I went on to Guadalcanal and then island hopped through the Solomon Islands toward Okinawa--routing out any surviving Japanese, searching and securing each island, and encountering a few battles along the way. This was about the time my fellow Marines were raising the American flag on Mt. Subirachi, Iwo Jima.
On Easter Sunday, April 1, 1945 (ironically, April Fool's Day) at 0830 hours, my 1st Marine Division, along with some of the 6th and 2nd, began going ashore in landing crafts on Okinawa. The big guns and carrier planes had plummeted the island for several days prior to the invasion. By nightfall some 90,000 ground and aviation Marines, their supplies, and vehicles had landed. We fought across Okinawa throwing grenades and "womb bombs" into caves where the Japanese were hiding. Sugar Loaf Hill changed hands 14 times before May 18th when the Stars and Stripes were raised. Okinawa was the last Japanese stronghold and proved to be one of the costliest battles in the Pacific for casualties.
Unfortunately, I was unable to return with my platoon. Instead, I had to be carried back to the tent set up as a field hospital and then was transported by hospital ship to Kaneoha Naval Hospital in Hawaii, where I spent four months. After the Japanese surrender, my long-awaited return to the U. S. occurred on the Matsonian Luxury Liner, which had been converted into a hospital ship. My bunk was located in the former swimming pool where bunks were stacked five high. After coming under the Golden Gate Bridge at San Francisco and disembarking, I--along with many other war-weary Marines suffering physical and mental casualties of war--were stationed at the Klamath Falls Marine Barracks Hospital in the mountains of southern Oregon. Some recovered and went back to duty; others received a medical discharge.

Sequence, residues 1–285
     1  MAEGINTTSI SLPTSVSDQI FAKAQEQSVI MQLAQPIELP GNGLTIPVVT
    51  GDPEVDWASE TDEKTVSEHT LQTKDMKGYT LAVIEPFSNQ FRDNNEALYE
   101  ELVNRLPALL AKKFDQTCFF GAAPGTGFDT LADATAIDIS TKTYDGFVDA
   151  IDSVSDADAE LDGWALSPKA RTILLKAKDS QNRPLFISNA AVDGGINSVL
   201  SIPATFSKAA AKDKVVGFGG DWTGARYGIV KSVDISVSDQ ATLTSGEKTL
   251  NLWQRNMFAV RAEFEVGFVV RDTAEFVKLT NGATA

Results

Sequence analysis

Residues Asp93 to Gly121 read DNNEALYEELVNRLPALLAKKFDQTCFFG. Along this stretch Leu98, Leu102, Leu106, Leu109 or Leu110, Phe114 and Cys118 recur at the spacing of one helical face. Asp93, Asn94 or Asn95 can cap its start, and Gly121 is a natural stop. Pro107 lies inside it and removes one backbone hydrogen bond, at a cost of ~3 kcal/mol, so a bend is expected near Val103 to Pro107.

I still wear my USMC 1st Division cover regularly, and my heart never ceases to swell with pride when a stranger walks up, extends a hand, and says, "Thanks for your service, SIR." Now, at age 81, I still remember my shellback initiation ceremony as if it were yesterday and regret that some of today's younger Marines have not encountered such a memorable experience.